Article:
No time for the two-minute Tories who wreaked havoc against the establishment candidates in the old PC Party leadership races.
The party is also organizing debates and attendance by all candidates is mandatory.
Stragglers will risk be fined or disqualified, or both.
It’s no Greatest Outdoor Show on Earth, but it’s bound to be entertaining to watch.
Liberal Party seeks new leader
The Alberta Liberal Party also announced that it will be holding their own leadership vote and choosing a new leader on September 25, 2022.
Former party leader David Khan stepped down in November 2020 after failing to win a seat in the 2019 election, marking the first time since before 1986 that the provincial Liberals not represented in the Legislature.
Party stalwart John Roggeveen has filled the spot as interim leader since March 2021.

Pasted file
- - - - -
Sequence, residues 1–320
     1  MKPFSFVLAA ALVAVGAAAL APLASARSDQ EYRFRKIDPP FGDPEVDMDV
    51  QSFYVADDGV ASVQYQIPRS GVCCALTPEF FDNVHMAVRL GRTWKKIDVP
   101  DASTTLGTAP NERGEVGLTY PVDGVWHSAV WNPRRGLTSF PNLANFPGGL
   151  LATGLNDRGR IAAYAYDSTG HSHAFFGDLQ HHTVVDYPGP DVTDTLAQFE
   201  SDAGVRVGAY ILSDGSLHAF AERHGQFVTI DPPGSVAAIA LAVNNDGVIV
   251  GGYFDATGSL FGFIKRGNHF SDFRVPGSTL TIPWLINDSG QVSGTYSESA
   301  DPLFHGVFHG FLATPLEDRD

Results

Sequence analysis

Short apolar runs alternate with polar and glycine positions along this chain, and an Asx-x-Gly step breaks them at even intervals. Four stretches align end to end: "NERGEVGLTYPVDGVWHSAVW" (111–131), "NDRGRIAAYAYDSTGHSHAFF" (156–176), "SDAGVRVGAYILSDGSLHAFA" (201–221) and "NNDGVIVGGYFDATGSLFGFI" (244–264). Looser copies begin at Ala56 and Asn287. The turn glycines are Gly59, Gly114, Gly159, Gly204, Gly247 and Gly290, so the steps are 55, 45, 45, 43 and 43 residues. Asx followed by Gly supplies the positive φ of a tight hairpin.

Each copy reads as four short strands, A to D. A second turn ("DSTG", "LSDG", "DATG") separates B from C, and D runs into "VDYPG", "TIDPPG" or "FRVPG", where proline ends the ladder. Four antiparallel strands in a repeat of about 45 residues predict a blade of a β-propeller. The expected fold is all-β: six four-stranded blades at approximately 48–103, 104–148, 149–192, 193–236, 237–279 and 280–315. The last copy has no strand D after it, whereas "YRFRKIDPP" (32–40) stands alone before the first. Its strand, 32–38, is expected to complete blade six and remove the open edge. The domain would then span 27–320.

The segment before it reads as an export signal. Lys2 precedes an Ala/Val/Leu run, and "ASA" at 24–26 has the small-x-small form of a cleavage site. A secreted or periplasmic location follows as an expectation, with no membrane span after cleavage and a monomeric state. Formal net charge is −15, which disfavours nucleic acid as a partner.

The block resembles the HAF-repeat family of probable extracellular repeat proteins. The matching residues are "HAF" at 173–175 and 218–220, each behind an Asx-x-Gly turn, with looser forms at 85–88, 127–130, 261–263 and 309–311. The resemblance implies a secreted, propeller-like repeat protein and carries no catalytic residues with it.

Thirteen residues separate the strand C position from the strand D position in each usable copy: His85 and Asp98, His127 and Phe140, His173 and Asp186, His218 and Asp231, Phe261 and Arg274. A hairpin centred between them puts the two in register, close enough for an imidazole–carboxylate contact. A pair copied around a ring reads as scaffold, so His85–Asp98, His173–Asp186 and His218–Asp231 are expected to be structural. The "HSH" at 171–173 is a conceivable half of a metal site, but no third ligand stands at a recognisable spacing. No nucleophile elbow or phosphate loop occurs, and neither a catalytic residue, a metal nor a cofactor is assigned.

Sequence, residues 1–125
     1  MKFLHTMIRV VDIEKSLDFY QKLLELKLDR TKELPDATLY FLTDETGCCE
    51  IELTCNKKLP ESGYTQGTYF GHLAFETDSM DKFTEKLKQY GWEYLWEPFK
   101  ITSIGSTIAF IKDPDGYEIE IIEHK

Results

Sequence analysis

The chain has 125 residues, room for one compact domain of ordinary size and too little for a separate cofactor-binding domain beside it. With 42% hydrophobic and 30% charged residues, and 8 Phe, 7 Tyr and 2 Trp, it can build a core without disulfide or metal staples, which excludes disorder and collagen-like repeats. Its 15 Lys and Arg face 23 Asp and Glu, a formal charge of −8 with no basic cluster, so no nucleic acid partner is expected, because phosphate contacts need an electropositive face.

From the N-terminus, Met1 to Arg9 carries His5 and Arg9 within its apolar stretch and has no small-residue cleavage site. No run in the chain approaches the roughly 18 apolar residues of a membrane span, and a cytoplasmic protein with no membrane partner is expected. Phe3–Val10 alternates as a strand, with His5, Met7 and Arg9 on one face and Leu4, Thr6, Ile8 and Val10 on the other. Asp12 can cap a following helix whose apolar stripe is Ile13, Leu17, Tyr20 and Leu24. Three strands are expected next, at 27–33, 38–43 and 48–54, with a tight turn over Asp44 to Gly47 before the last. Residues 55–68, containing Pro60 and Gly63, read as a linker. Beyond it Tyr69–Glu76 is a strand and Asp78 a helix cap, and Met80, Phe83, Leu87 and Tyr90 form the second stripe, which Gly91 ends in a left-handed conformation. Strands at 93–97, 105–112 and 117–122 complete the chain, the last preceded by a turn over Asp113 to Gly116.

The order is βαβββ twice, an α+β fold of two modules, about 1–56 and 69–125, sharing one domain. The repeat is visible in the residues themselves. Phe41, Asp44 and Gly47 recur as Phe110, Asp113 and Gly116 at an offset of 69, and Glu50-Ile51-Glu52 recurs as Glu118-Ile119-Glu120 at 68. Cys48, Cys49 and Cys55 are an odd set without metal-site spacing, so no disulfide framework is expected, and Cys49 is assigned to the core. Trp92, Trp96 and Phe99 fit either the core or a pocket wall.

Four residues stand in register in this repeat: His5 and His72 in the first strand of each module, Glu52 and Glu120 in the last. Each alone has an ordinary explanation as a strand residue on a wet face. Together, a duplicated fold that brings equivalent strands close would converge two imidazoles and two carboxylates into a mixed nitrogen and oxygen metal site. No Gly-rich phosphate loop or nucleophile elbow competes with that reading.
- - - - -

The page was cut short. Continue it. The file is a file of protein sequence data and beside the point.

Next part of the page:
The race has no candidates as of yet. The second place finisher from the 2017 leadership race, Kerry Cundal, is running for the Alberta Party in Calgary-Elbow.
And don’t forget to sign up for my Substack at daveberta.substack.com.
9 replies on “Race to replace Jason Kenney takes shape – Rajan Sawhney and Rebecca Schulz join the fray. Will Michelle Rempel Garner and Raj Sherman be next?”
Autonomy for Alberta might be effective positioning for Jean to win the UCP leadership. But it makes for a tricky pivot to the general election. More provincial autonomy is hardly the most pressing concern for the typical urban and suburban voter.
John, I doubt the UCP is overly concerned with urban and suburban votes. I suspect they’ll be decimated in Edmonton (we get much too close a look at what they’re up to—it’s local news to us). That leaves Calgary and rural areas for the UCP to go fishing for votes.